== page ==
'and that no one may recognize me. and at noon. I am sleeping. When he arose in the morning. and the girl stood like a red landmark in the field and waited for her beloved. yes. however. as he did not return at all. and cried again: 'Where are you?' 'Here in the kitchen. and changed herself into a flower. he fell into the snares of another. and threw a white cloth over it. no matter what it is.' She put on her many-league boots. changed. who so fascinated him that he forgot the maiden. strange things happened in the shepherd's house. Instantly the transformation came to an end. and that up to this time she had attended to his house-keeping. and no one could have concealed himself in it. It was not long before the witch came striding up towards them. listen very early some morning if anything is moving in the room. the table was laid. but saw no one on the stairs. and then the magic will be stopped. that a shepherd kept his sheep in the field and saw the flower. the table and benches cleaned. according to an old . and as he did not stop. he saw the chest open. she had to dance till she lay dead on the ground. and as she pleased him he asked her if she would marry him. and a beautiful girl stood before him. she called her daughter. although he had deserted her. and wanted to give her the apron.' Then Roland went away. however. and trample me down. when he came home. but the duck did not let herself be enticed.' said the girl. and if you see anything. She went into the kitchen. I will change myself into a red stone landmark. she promised not to go away. knowing perfectly well who the flower was. with her magic wand.' cried the third drop of blood. he began to play. and the thorns tore her clothes from her body. Then she cried again: 'Where are you?' 'Ah. and the water was fetched.' for she wanted to remain faithful to her sweetheart Roland. Swiftly he sprang towards it. And now the time drew near when Roland's wedding was to be celebrated. and a good dinner served.' It befell. on the stairs. for he never saw a human being in his house. you shall still not escape me. I am sweeping. for it was a magical dance. The girl. but at length. who admitted to him that she had been the flower.' As she was hastily creeping into the hedge and was just going to pluck the flower. and laid it away in his chest. The wise woman said: 'There is some enchantment behind it. 'even if you have got a long way off. 'That shall not help you. 'I will play to you while you do it. and her sweetheart Roland into a fiddler.' 'Then in the meantime I will stay here and wait for you. From that time forth.' he replied. But when Roland got home. and as she could look forth quite far into the world. and they walked on the whole night until daybreak. plucked it. and herself into a duck swimming in the middle of it.FAIRY TALES 62 When the old witch got up next morning. when she saw the old woman striding towards her. She told him her story. and thought: 'Someone will surely come this way. but found no one. the more violent springs was she forced to make. threw breadcrumbs in. and whether she would or not. took it with him. but she answered: 'No. Then the maiden changed herself into a beautiful flower which stood in the midst of a briar hedge. all the work was already done. but to continue keeping house for the shepherd. and the old woman had to go home at night as she had come. and said to the musician: 'Dear musician. What did she see there? Her own child. The old woman went out. He could not conceive how this came to pass. in which she covered an hour's walk at every step. The witch fell into a passion. throw a white cloth over it.' cried she. and the flower come out.' cried the second drop of blood. and went to endless trouble to entice the duck. bathed in her blood. Roland said: 'Now I will go to my father and arrange for the wedding. she perceived her stepdaughter hurrying away with her sweetheart Roland. may I pluck that beautiful flower for myself?' 'Oh. and as it was so pretty. She went into the room to the bed. whose head she had cut off. I am warming myself. the room was swept. The witch placed herself on the shore. she was forced to dance. and it was not long before she overtook them.' The shepherd did as she bade him. but she did not come. At this the girl and her sweetheart Roland resumed their natural shapes again. As they were now set free. the fire in the hearth was lighted. Nevertheless. and then.' answered the first drop of blood. and pricked her and wounded her till she bled. The poor girl remained there a long time. here in the bed. her sweetheart Roland into a lake. and next morning just as day dawned. He was certainly pleased with this good attendance. she was sad. but still at last he was so afraid that he went to a wise woman and asked for her advice. The faster he played. Then the witch cried: 'Where are you?' 'Here. sprang to the window.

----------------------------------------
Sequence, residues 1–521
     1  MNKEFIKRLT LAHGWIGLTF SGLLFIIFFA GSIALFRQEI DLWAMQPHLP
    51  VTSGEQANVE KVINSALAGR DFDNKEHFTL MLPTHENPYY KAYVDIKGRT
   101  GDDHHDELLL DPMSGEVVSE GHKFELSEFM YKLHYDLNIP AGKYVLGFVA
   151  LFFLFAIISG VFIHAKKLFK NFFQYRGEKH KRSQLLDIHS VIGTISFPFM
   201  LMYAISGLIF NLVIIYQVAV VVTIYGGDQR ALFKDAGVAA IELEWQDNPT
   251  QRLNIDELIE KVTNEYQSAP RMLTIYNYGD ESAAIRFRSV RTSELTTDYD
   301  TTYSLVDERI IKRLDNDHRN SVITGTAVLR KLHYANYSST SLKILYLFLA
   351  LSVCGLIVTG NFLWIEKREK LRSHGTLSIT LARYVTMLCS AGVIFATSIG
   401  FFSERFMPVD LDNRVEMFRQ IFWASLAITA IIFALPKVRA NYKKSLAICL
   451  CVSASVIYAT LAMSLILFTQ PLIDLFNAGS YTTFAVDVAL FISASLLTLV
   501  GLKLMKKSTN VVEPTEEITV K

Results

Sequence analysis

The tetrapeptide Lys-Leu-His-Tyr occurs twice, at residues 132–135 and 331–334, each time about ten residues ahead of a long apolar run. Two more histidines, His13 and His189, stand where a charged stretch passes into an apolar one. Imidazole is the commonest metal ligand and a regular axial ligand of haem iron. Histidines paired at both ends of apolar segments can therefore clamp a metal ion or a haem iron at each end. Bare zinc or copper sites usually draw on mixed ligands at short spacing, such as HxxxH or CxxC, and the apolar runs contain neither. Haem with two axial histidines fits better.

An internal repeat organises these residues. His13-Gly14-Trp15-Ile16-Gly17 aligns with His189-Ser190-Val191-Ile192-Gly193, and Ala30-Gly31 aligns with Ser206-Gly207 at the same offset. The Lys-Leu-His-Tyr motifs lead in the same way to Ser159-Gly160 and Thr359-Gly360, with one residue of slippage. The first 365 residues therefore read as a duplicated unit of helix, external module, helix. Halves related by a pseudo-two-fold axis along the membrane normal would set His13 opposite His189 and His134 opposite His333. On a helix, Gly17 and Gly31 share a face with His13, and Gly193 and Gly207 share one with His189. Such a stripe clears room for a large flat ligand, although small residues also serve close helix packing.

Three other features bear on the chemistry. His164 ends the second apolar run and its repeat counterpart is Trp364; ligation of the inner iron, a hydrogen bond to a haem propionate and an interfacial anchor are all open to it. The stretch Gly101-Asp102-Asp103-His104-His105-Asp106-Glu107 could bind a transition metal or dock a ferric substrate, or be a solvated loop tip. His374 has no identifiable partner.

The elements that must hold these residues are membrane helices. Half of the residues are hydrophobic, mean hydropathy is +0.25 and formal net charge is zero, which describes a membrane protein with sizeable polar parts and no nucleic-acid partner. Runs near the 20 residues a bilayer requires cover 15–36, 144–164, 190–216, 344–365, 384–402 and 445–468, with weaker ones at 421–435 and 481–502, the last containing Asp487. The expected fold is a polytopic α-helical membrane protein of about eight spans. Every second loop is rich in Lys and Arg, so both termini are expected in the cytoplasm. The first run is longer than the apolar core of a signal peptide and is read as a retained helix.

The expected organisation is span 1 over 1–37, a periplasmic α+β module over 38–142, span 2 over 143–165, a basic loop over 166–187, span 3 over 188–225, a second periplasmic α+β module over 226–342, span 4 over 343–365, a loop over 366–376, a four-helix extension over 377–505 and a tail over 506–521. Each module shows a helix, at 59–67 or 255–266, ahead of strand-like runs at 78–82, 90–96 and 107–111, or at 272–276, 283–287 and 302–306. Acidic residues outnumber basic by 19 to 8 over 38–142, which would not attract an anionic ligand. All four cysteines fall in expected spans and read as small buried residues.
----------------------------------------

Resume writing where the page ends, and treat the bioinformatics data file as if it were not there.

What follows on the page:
she stepped back. and she was called Snowdrop. her skin was as white as snow. when she went to look in it as usual: 'Thou. 'I will not hurt you. Everything was spruce and neat in the cottage: on the table was spread a white cloth. and beauteous to see. and the wild beasts roared about her. she grew so sad that she thought her heart would break. and sing in honour of the bridal pair. and by the wall stood seven little beds. The frame of the window was made of fine black ebony.' So he left her by herself. and as she sat looking out upon the snow. who?' And the glass had always answered: 'Thou. But Snowdrop is lovelier far than thee!' When she heard this she turned pale with rage and envy. and it reached Roland's ears. SNOWDROP It was the middle of winter. and he said. she pricked her finger. But when she began her song. I will have no other!' Everything he had forgotten. that is the true bride. he felt as if a great weight were taken off his heart when he had made up his mind not to kill her but to leave her to her fate. and said. her cheeks as rosy as the blood. but none did her any harm. who became queen. and fairer than the queen herself. and the king soon married another wife. and when she was seven years old she was as bright as the day. 'Take Snowdrop away into the wide wood. art the fairest in all the land. Then poor Snowdrop wandered along through the wood in great fear. In the evening she came to a cottage among the hills. . had suddenly come home again to his heart. and her hair as black as ebony. seven little loaves. but so vain that she could not bear to think that anyone could be handsomer than she was. glass. to which she used to go. but his heart melted when Snowdrop begged him to spare her life. she picked a little piece of each loaf and drank a very little wine out of each glass. for her little feet would carry her no further. as red as that blood. Then she gazed thoughtfully upon the red drops that sprinkled the white snow. Then the glass one day answered the queen. and called to one of her servants. So she tried all the little beds. queen.' Then the servant led her away. thou pretty child. and as black as this ebony windowframe!' And so the little girl really did grow up. with the chance of someone finding and saving her. that I may never see her any more. Who is fairest.' But Snowdrop grew more and more beautiful. and then she could not refuse. and seven little glasses with wine in them. till at last the seventh suited her: and there she laid herself down and went to sleep. art fair. 'Would that my little daughter may be as white as that snow. Then the faithful maiden held her wedding with her sweetheart Roland. When the faithful maiden heard of this. and then she would gaze upon herself in it. and she would not go thither. and three drops of blood fell upon it. but one was too long. and after that she thought she would lie down and rest. and grief came to an end and joy began. and was very beautiful. and another was too short. until at last she was the only one left. but the other girls came and took her. it was announced that all the girls were to be present at it. When it came to her turn to sing. that the queen of a country many thousand miles off sat working at her window. and went in to rest. he sprang up and cried: 'I know the voice. when the broad flakes of snow were falling around. tell me true! Of all the ladies in the land. and which had vanished from his mind. As she was very hungry.FAIRY TALES 63 custom in the country. and there were seven little plates. and seven knives and forks laid in order. queen. She had a fairy looking-glass. But this queen died. and say: 'Tell me. and said. and though he thought it most likely that the wild beasts would tear her in pieces. tell me.